The common ultrasound features were irregular shape, uncircumscribed margins, and hypoechoic masses with intratumoral vascularities. The most common location was within the deep muscle layer, Lee and colleagues wrote.

"Current guidelines recommend a clinical follow-up of the mastectomy site and the ipsilateral axilla, with imaging only performed as a second-line measure," the researchers wrote. "However, clinical examination may not be sufficient for recurrent lesions located deep within soft tissue or beneath a postoperative scar."

Occult recurrent cancers at the mastectomy site are located mostly in subcutaneous fat and deep muscle layers, not in the skin, which would allow for easy detection at clinical examinations, they added. The false-negative rate of physical examinations of axillae has been reported to be as high as 39%.

"Routine mammographic imaging is technically limited in patients who have undergone mastectomies; therefore, it has not generally been advocated, and its sensitivity in the detection of recurrent tumors is inferior to that of clinical examination," they wrote. "Ultrasound is a useful imaging method that can overcome the limitations and discomfort associated with a mammogram in this clinical situation, and it has been known to be useful for the diagnosis of postoperative complications and for guiding fluid aspirations."

The American College of Radiology (ACR) BI-RADS guidelines have been proposed for detection and diagnosis of breast lesions in normal, untreated breasts, but there are no specific guidelines for lesions in a mastectomy site, the researchers noted. In previous studies, all hypoechoic nodules in the mastectomy site were considered as suspicious on ultrasound -- i.e., BI-RADS category 3 lesions in native breast tissue were classified as BI-RADS category 4 lesions in mastectomy sites because some studies reported recurrent lesions have probably benign features on ultrasound.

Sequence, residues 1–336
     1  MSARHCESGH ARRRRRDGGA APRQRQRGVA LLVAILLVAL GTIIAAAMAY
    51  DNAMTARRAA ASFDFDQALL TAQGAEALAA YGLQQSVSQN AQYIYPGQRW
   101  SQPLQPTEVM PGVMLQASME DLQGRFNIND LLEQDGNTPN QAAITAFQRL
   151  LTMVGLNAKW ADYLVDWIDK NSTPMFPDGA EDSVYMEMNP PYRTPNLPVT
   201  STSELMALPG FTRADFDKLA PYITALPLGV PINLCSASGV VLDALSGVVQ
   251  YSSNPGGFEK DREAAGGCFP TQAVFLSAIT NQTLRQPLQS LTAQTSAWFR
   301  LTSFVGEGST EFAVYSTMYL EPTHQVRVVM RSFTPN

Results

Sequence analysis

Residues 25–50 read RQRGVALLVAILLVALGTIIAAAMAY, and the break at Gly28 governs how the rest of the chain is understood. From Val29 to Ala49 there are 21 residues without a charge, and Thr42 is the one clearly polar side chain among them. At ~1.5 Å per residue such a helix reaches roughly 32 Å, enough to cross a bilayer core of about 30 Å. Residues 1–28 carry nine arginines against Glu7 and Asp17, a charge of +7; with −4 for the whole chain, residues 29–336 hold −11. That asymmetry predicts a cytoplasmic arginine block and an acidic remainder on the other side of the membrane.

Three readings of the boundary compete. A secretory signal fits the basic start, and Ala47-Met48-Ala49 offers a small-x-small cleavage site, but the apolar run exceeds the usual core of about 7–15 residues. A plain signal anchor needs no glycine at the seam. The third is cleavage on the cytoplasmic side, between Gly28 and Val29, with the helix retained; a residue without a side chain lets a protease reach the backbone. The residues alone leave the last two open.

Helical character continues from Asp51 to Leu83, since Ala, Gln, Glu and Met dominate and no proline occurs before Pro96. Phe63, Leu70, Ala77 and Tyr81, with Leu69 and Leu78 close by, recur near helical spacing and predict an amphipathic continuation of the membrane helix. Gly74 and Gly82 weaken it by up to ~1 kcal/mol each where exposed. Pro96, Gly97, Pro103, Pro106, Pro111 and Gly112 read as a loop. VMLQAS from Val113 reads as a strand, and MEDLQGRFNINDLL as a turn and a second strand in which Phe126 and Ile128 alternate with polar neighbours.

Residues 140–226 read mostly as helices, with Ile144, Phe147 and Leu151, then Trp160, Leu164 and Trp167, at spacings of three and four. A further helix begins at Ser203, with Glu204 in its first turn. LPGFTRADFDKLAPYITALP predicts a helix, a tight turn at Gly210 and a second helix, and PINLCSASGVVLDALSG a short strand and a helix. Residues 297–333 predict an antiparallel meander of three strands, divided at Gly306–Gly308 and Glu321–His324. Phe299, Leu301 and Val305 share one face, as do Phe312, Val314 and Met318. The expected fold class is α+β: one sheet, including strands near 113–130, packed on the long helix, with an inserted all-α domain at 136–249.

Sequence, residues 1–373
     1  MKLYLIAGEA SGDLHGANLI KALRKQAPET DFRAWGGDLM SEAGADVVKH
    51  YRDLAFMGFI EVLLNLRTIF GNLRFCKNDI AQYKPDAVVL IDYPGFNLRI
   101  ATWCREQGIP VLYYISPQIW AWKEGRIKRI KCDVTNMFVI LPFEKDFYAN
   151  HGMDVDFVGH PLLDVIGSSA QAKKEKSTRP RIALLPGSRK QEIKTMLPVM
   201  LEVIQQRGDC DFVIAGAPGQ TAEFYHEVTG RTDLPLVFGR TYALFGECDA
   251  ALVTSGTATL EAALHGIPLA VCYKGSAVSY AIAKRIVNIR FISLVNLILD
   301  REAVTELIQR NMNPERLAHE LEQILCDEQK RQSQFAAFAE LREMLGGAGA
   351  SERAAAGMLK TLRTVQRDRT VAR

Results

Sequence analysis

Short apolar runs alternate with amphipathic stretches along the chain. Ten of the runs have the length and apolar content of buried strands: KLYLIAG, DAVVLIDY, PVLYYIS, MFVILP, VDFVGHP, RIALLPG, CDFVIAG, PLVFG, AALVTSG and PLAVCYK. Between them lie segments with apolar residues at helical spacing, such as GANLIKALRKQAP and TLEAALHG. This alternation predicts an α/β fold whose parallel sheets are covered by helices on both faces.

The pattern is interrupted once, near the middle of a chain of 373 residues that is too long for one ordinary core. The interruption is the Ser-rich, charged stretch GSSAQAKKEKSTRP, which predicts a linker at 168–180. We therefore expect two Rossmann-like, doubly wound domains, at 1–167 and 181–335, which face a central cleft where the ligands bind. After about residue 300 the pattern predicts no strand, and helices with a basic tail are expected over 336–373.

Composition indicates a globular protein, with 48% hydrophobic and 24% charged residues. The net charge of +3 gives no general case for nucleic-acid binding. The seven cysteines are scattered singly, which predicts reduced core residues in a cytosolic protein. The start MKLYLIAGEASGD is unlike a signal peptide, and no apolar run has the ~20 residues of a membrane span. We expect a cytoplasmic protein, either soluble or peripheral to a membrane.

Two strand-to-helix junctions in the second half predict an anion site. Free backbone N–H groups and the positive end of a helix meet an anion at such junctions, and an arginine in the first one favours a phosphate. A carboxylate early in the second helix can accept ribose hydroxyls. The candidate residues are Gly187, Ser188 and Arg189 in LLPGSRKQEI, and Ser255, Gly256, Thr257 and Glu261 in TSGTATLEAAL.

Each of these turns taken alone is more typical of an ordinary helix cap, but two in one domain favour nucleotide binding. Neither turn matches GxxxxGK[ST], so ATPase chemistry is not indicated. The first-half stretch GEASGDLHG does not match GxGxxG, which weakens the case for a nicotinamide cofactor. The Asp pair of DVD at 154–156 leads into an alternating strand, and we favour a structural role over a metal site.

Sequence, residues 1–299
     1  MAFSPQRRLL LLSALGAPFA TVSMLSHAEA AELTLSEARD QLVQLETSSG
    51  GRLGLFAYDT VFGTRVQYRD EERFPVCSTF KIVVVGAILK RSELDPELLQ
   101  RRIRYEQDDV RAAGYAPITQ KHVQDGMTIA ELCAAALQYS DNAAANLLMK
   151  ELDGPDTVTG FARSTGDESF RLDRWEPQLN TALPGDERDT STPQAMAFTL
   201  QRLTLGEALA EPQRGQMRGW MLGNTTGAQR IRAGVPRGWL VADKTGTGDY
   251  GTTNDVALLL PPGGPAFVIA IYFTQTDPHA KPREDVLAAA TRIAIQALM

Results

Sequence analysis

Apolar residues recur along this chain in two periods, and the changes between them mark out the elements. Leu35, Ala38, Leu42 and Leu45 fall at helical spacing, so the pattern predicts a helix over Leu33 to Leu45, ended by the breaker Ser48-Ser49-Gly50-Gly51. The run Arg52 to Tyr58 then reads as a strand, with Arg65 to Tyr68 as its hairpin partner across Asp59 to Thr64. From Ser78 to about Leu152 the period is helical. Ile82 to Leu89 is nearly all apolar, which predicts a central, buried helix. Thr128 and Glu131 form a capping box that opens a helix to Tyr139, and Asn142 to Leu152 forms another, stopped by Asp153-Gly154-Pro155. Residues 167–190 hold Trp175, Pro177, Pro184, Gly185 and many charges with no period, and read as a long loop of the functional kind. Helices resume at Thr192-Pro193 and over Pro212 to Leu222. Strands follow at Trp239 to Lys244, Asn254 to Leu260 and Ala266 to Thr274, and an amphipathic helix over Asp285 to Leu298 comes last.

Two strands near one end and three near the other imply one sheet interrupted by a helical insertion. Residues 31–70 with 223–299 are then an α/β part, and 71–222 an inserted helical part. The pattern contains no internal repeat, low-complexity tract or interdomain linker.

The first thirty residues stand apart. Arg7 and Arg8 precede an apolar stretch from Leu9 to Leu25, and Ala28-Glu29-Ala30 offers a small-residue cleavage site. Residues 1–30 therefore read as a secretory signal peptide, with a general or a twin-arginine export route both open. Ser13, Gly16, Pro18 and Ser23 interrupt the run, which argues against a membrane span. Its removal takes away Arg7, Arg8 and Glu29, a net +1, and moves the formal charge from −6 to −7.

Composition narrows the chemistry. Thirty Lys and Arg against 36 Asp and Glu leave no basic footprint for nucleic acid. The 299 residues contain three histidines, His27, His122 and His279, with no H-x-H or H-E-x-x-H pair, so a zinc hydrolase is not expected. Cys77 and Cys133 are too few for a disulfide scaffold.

"The great technical advances in ultrasound instruments in the recent decade may enable better detection and characterization of focal nodules," the researchers wrote. "Moreover, in Asian countries, radiologists have much experience of using ultrasound diagnosis due to a high annual volume of bilateral whole-breast ultrasound procedures."

The researchers speculated that BI-RADS final assessments can be applied to lesions at mastectomy sites if done carefully.

"When a nodule was oval-shaped, circumscribed marginated, isoechoic, or mildly hypoechoic without any intratumoral vascularity, it was classified as a probably benign finding, corresponding to BI-RADS category 3," they wrote. "We considered rounded nodules or focal nodules with not-circumscribed margins or with any intratumoral vascularity on color power Doppler US as BI-RADS category 4."

The researchers admit that while ultrasound screenings are valuable in detecting clinically occult locoregional recurrences after mastectomy for breast cancer, there are potential problems, including unnecessary short-term follow-up, benign-result biopsies due to false-positive results, false-negative results, and excessive cost and physician time.

Despite the limitations, the researchers conclude that routine follow-up ultrasound should be employed, and applying the BI-RADS category can be valuable in differentiating between benign and malignant nodules.